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County leader facing misdemeanor charges for wreck

A Michigan official from Kalkaska County is facing criminal charges in connection with a recent car accident in Oliver Township. The man, who heads the Kalkaska County Equalization Department, will mount a criminal defense against misdemeanor charges of reckless driving. The man is also accused of failing to stop after the Sept. 26 car accident, which luckily did not result in any injuries.

The 46-year-old government official is accused of slamming on his brakes, causing the person behind him to run into his vehicle. Authorities say that the driver then sped away from the scene, even as the 62-year-old driver in the other vehicle called law enforcement officers for help. The second driver was reportedly transporting his three grandchildren in his Buick sedan when the accident occurred.

Official reports show that the hit-and-run driver left because he was concerned about who might have been in the other vehicle. He may have thought that the other driver was going to be dangerous. Further, he noted that the car did not follow him after the wreck. The man drove to the sheriff's department in Kalkaska instead of waiting at the scene of the wreck. The man was reportedly shocked to be served with misdemeanor charges, as he contends that the other driver was tailgating and he slammed on his brakes to get the second driver to stop driving so closely.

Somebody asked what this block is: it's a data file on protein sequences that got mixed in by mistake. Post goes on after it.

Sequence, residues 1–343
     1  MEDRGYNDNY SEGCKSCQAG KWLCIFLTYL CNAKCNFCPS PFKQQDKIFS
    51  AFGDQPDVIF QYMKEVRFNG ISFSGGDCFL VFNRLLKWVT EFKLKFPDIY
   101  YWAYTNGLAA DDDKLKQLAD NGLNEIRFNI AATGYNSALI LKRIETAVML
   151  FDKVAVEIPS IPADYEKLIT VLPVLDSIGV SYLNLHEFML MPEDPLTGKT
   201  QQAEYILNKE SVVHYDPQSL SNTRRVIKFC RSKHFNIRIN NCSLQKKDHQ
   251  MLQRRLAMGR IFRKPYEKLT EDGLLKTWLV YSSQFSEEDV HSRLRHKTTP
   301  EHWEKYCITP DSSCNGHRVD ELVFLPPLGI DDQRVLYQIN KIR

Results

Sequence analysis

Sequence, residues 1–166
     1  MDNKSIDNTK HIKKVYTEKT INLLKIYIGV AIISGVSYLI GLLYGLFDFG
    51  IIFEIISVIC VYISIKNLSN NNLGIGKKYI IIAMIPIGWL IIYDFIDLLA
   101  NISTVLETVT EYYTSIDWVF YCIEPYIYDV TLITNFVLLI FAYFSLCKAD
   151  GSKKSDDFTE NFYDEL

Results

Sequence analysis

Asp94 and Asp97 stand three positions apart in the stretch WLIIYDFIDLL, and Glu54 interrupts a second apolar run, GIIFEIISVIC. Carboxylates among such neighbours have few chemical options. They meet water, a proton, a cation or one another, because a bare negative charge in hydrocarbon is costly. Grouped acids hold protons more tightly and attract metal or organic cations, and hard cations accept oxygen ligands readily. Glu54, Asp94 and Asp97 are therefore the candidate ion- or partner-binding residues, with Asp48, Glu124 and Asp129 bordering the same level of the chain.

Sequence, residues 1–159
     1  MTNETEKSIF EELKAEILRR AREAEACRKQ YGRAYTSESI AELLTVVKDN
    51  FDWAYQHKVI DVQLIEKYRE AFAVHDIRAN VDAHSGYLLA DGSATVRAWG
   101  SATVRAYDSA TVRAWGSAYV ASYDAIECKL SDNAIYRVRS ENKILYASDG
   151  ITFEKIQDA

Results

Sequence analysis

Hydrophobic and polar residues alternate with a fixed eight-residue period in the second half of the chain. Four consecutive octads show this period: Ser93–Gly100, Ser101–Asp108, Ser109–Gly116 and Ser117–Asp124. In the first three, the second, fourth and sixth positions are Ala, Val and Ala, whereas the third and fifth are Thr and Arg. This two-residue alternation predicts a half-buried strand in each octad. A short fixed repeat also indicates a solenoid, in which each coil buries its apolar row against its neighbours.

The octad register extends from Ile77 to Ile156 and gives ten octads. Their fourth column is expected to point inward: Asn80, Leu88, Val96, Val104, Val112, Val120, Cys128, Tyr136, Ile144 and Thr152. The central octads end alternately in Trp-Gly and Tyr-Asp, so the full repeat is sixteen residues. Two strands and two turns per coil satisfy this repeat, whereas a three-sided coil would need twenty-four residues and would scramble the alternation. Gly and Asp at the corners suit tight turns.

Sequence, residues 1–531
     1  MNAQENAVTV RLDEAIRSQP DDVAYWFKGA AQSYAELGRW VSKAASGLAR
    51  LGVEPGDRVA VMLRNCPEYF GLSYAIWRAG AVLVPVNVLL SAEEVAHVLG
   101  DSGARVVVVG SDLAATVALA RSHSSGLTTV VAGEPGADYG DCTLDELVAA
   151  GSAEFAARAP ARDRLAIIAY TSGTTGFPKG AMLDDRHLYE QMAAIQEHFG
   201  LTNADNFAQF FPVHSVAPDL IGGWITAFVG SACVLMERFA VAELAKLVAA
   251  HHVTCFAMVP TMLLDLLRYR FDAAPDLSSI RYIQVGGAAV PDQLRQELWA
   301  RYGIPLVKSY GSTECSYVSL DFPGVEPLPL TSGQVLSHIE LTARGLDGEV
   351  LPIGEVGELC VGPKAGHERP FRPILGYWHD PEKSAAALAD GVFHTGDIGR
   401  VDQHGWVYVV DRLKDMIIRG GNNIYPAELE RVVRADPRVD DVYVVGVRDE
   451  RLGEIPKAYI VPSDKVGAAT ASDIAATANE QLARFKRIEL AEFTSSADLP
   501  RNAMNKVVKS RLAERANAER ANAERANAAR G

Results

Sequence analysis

So far, the defendant has been unable to obtain a written copy of the police report, which he can use to further his criminal defense case. He said he is hoping for justice during his day in court, as he is unsure why he would be charged with a crime since he was rear-ended by someone else.

This man thought he was making the right decision for his own personal safety by driving to the sheriff's office instead of staying at the scene of the crash. He is now being charged with leaving the scene of a collision, even though he thought he might have been in some type of danger. This man and all car accident defendants deserve to be heard in an unbiased court of law, where they have the opportunity to explain their true intentions.

Source: www.morningstarpublishing.com, "County department head faces misdemeanor charges" Dennis Mansfield, Nov. 20, 2013

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